Bookshelp header image for page World Wide Words logo

Recently added

28 October 2014

Boot and trunk Boot is an excellent example of linguistic conservatism. I’ve mentioned this before with dashboard and with carriage, the usual British term for one car of a railway train. The latter word is a relic of ...
[Continue reading]

18 October 2014

Zoilism A correspondent by the name of Hooker wrote an anguished letter to the Lady’s Newspaper in January 1863 about slovenly and unhygienic rural servants in France: “If I were to do more than ...
[Continue reading]

Fish-faced It’s been a long time, I suspect, since this playground taunt has had any reference to the shape of a person’s face, if it ever did. It might have come about to describe a person with bulging eyes ...
[Continue reading]

11 October 2014

Immensikoff I was leafing, if that’s the right word, through a digital copy of an issue of the Strand Magazine, most famous as the publisher of Arthur Conan Doyle’s stories about Sherlock Holmes, when ...
[Continue reading]

Poach You might guess that we have yet another case of English words of the same spelling and pronunciation that have arrived in the language from different sources. But that may not be true ...
[Continue reading]

4 October 2014

Habiliments It means clothes. It was more widely used centuries ago, because it had several senses, based on its Old French source, habillement or abillement, which come from the verb habiller, to fit out or render ...
[Read the whole piece]

The Sense of Style by Steven Pinker Professor Pinker claims to love reading style guides. However, in much of his book — the last 115 pages especially — he points out their deficiencies and dismisses the views ...
[Read the whole piece]

27 September 2014

Agister Having just spent some time in the New Forest in southern England, I have been reminded of this ancient word for an officer of the Forest. It might sound like one of those ceremonial positions ...
[Continue reading]

Not so green as you’re cabbage-looking This is a delightful folk saying. Like so many it’s sufficiently opaque to make the casual reader or viewer stop and blink. The expression is usually a way for a person ...
[Continue reading]

The Word at War We are hearing so much about the centenary of the outbreak of the First World War that another sad date has largely passed us by, the 75th anniversary of the start of the Second ...
[Continue reading]

20 September 2014

Draw a line in the sand I’ve not been able to find an example of this exact event, but the idea behind it clearly fits the meaning of the idiom. By literally or figuratively drawing such a line, a person ...
[Continue reading]

Peely-wally This is a Scots word that means to be pale and sickly or insipid and colourless in appearance. Note that the second half rhymes with sally, not holly. It can refer to Scots’ national skin colour ...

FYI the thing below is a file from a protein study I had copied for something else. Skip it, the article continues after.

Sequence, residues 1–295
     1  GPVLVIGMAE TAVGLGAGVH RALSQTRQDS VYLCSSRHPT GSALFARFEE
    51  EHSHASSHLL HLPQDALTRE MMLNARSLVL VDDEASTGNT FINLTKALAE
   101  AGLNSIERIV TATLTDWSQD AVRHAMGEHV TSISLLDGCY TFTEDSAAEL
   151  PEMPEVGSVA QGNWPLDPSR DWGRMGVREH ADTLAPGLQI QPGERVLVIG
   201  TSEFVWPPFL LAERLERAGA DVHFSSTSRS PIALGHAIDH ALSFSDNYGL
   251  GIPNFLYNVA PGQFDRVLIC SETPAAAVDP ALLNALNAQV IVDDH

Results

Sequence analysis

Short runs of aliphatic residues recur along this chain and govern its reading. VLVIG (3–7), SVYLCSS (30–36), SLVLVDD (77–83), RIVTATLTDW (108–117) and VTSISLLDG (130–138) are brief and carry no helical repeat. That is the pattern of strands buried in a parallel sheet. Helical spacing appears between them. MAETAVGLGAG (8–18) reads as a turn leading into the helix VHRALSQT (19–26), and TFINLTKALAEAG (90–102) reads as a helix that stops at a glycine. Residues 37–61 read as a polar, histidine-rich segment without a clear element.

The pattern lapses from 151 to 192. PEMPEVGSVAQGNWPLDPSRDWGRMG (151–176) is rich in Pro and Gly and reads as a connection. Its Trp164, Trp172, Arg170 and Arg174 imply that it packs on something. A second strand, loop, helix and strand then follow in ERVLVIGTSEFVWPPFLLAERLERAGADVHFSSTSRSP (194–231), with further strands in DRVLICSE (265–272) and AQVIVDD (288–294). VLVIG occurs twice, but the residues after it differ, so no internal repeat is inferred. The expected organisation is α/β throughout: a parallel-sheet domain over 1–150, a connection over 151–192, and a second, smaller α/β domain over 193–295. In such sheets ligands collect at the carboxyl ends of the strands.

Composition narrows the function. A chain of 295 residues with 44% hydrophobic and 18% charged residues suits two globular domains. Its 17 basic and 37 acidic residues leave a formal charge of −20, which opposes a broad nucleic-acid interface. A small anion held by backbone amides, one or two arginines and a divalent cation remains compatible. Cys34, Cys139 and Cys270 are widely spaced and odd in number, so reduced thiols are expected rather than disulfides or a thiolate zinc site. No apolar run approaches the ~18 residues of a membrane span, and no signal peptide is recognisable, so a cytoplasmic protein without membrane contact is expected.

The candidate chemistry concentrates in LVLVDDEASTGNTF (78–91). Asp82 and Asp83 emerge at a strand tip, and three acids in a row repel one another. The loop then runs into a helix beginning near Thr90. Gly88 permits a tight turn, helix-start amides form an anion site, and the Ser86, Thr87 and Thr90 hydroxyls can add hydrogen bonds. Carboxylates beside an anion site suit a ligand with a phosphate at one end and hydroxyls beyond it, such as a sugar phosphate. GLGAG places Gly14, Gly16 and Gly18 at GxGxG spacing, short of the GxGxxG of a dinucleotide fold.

[Continue reading]

13 September 2014

Porphyrogeniture If we had this inheritance principle in Britain, Prince Charles would lose his pre-eminent right to succeed to the throne to his younger brother Andrew. That’s because porphyrogeniture ...
[Continue reading]

Set one’s cap at It’s often set one’s cap at, though both forms now feel rather dated. The idiom conventionally refers to a woman who sets out to gain the affections of a man, often with a view to ...
[Continue reading]

6 September 2014

Epicaricacy Occasionally, I come across a word that’s so rare and mysterious that it’s a struggle to find out anything about it. This one turned up in an article in the Observer on 10 August by Lauren ...
[Continue reading]

Hide one’s light under a bushel For once I can give you chapter and verse for the origin, literal chapter and verse as it happens, since it’s from the Bible: “Neither do men light a candle, and put it under ...
[Continue reading]

30 August 2014

Furthest and farthest That word isn’t in my vocabulary. It’s likely that a speaker of American English, such as yourself, would prefer farthest, because that spelling has survived in the US longer ...
[Continue reading]

Jentacular Slug-a-beds or slow-waking readers may not appreciate the virtues of this rare word, and will particularly dislike one of the compounds formed from it, ante-jentacular. That’s because ...
[Continue reading]

Share this page
Facebook Twitter StumbleUpon Google+ LinkedIn Email

Search World Wide Words

Support World Wide Words!

Donate via PayPal. Select your currency from the list and click Donate.

Buy from Amazon and get me a small commission at no cost to you. Select your preferred site and click Go!


Copyright © Michael Quinion, 1996–. All rights reserved.
Last updated 28 Oct. 2014.

Advice on copyright

The English language is forever changing. New words appear; old ones fall out of use or alter their meanings. World Wide Words tries to record at least a part of this shifting wordscape by featuring new words, word histories, words in the news, and the curiosities of native English speech.

World Wide Words is copyright © Michael Quinion, 1996– All rights reserved.
This page URL:
Last modified: 28 October 2014.